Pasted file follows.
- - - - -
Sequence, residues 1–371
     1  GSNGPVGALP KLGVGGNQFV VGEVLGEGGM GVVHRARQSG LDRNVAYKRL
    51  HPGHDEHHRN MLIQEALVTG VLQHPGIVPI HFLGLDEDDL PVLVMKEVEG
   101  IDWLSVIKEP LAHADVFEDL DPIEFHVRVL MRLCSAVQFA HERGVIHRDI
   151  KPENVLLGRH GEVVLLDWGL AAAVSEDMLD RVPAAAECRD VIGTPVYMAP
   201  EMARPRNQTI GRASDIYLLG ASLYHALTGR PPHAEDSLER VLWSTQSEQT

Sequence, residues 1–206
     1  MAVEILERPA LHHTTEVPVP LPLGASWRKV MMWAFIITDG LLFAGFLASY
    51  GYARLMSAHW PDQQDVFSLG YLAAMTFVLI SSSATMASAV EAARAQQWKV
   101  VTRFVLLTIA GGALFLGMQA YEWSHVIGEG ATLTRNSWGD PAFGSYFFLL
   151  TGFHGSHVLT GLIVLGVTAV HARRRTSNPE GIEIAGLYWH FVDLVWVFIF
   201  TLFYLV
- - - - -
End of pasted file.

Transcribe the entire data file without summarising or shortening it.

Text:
Sequence, residues 1–371
     1  GSNGPVGALP KLGVGGNQFV VGEVLGEGGM GVVHRARQSG LDRNVAYKRL
    51  HPGHDEHHRN MLIQEALVTG VLQHPGIVPI HFLGLDEDDL PVLVMKEVEG
   101  IDWLSVIKEP LAHADVFEDL DPIEFHVRVL MRLCSAVQFA HERGVIHRDI
   151  KPENVLLGRH GEVVLLDWGL AAAVSEDMLD RVPAAAECRD VIGTPVYMAP
   201  EMARPRNQTI GRASDIYLLG ASLYHALTGR PPHAEDSLER VLWSTQSEQT

Sequence, residues 1–206
     1  MAVEILERPA LHHTTEVPVP LPLGASWRKV MMWAFIITDG LLFAGFLASY
    51  GYARLMSAHW PDQQDVFSLG YLAAMTFVLI SSSATMASAV EAARAQQWKV
   101  VTRFVLLTIA GGALFLGMQA YEWSHVIGEG ATLTRNSWGD PAFGSYFFLL
   151  TGFHGSHVLT GLIVLGVTAV HARRRTSNPE GIEIAGLYWH FVDLVWVFIF
   201  TLFYLV